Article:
Etiquette (2)

A lot of people have had to go through the process of changing their Twitter handles over the years. All too often, people joined Twitter, not really knowing what to make of it, and later realized they wanted their real name, or their company name, or some other name as their handle. The trick has always been figuring out what’s the best way of going about it. This week’s question addresses that.

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Twitter Handle #SMEtiquette

Dear Amy:

What are your thoughts on changing Twitter handles? I love my current username but would like to modify it so it includes my professional pseudonym. Should I create a second account (even though the content I provide would not change)? I value my followers and do not want to confuse them, but I’d really like a handle that I can add to my business card.

Also, if I do change my handle, what is the proper etiquette for notifying my followers? Would I only contact those who I frequently interact with? Pin a tweet at the top of my timeline or…?

Many thanks for your time and opinion!

Troubled Over Twitter

Dear Troubled Over Twitter:

As I noted above, this has happened to many people over the years. In fact, I recall when the Popular Mechanics account finally got its hands on the @popmech handle – how to best change to the new account was an issue. In the end, it made more sense to change the existing handle to @popmech – followers were unlikely to be confused (many of us hadn’t evenĀ really noticed that wasn’t the existing handle) so that the follower base would not have to be built all over again.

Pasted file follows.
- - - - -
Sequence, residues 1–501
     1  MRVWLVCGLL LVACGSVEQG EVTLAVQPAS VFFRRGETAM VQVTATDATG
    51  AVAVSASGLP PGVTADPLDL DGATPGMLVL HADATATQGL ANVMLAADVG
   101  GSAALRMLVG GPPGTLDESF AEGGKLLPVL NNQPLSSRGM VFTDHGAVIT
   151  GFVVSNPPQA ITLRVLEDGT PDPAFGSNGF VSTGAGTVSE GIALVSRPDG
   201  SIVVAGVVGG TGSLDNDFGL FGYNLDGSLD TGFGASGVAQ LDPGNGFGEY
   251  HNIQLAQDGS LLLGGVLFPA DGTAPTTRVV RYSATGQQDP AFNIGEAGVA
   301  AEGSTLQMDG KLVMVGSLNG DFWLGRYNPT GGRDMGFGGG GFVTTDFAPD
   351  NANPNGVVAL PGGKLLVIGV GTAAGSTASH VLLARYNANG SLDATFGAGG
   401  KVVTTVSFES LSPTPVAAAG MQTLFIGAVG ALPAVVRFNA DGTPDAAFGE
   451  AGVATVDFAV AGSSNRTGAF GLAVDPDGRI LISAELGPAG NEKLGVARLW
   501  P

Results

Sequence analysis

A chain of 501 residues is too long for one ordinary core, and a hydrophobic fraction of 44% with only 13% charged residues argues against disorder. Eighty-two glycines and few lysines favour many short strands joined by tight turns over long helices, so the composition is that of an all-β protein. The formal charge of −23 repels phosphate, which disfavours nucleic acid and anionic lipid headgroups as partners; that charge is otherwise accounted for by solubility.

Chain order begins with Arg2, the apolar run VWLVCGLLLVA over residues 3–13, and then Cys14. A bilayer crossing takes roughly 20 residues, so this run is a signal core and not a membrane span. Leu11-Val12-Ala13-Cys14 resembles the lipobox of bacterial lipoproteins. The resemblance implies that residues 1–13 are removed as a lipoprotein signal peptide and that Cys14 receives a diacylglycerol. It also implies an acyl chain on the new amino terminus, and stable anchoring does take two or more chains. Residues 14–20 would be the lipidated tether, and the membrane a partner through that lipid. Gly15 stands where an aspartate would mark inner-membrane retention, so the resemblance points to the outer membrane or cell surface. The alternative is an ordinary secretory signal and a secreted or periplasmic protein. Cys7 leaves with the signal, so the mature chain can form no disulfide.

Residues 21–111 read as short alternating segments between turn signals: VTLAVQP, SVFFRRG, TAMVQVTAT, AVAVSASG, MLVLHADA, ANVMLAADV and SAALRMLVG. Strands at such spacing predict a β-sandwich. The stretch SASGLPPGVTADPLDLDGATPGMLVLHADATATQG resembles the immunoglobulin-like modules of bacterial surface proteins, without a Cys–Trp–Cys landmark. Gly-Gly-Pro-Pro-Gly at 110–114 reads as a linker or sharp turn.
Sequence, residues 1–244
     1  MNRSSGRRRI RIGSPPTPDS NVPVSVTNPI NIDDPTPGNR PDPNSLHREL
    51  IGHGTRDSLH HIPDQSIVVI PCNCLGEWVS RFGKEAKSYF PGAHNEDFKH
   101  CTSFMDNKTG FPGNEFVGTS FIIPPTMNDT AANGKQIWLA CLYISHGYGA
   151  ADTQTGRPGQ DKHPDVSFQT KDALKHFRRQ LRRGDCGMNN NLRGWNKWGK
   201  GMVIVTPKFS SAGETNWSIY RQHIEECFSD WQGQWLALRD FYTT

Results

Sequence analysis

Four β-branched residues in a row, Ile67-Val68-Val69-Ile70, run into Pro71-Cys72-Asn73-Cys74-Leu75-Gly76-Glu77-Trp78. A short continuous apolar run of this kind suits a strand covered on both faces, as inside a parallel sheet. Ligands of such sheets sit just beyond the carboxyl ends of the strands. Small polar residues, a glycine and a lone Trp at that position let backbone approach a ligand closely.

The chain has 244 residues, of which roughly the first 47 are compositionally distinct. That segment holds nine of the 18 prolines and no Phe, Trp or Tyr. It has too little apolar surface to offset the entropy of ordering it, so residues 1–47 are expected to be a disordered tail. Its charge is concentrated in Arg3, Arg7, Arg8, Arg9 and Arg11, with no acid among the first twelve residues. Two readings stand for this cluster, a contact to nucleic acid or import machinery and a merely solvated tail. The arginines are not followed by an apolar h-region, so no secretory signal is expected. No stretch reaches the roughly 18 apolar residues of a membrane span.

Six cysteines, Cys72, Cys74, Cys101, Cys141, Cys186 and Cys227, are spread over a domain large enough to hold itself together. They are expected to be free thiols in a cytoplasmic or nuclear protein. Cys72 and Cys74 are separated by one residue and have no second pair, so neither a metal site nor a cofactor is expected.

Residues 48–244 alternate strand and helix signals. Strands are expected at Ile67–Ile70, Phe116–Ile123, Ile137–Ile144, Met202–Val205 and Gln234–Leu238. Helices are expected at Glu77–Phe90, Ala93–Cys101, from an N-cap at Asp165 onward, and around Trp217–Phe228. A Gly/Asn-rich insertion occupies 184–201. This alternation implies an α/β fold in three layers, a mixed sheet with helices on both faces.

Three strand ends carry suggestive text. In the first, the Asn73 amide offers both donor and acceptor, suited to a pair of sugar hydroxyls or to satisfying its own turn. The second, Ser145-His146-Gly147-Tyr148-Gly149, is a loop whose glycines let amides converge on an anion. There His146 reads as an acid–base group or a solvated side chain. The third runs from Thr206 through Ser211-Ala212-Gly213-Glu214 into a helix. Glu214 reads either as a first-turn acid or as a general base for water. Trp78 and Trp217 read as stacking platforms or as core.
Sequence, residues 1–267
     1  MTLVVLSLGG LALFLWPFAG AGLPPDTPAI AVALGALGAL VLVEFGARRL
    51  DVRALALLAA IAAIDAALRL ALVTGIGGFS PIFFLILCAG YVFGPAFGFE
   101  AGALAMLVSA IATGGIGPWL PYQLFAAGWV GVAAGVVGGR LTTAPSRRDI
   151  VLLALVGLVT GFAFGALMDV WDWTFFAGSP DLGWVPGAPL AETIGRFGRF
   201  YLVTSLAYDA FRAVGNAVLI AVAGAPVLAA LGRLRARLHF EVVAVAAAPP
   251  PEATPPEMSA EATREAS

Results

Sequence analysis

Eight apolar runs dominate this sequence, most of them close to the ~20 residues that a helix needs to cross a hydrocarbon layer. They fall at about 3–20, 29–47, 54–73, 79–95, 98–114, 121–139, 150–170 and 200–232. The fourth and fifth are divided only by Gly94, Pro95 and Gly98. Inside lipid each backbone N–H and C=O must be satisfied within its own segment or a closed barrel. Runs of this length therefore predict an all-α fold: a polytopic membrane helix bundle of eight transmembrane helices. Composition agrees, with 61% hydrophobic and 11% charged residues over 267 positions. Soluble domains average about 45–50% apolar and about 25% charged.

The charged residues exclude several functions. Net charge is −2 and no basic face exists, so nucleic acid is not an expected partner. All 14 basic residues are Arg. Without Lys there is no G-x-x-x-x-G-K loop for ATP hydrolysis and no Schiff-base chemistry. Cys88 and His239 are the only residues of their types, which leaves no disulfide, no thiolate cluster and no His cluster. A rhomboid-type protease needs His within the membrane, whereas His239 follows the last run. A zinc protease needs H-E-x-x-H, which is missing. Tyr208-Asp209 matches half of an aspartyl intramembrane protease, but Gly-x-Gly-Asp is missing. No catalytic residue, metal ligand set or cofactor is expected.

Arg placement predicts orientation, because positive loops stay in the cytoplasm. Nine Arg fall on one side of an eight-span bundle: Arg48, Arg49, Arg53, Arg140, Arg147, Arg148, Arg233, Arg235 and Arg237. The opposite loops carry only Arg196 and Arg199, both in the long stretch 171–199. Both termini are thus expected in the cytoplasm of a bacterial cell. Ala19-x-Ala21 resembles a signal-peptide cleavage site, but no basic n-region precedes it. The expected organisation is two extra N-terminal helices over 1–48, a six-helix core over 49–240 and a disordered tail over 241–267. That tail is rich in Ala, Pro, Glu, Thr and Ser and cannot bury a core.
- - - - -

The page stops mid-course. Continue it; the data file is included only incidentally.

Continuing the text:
For brands, it can be a bigger issue than for individuals. Brands are likely to have links all over the web to their Twitter account. That link changes when you change your handle – the last part of your URL becomes your new name. In other words, the URL to my Twitter account now is: If I changed my handle to LumiMom, my URL would change to (brb, changing my Twitter handle). So if I had lots of links on my website and other places that went to the first URL, I’d have to think twice about the best course of action.

That’s the biggest downside of changing your current Twitter handle instead of opening a new account, but it can cause other issues: Your followers might be confused seeing this account they never followed. Oracle learned the lesson the hard way when they consolidated Facebook pages (yes, slightly different from the Twitter issue, but same concept), merging the likes from all of them into a brand-new page. Lots was written about the issue and it was generally agreed that Oracle had made a serious misstep.

But we’re not talking about brands here. We’re talking about the Rest of Us. People. Individuals. Sure, “Personal Branding” and all that – but it is still a very different issue when we’re talking about an individual than a company – whether or not the Supreme Court thinks so. I digress, sorry.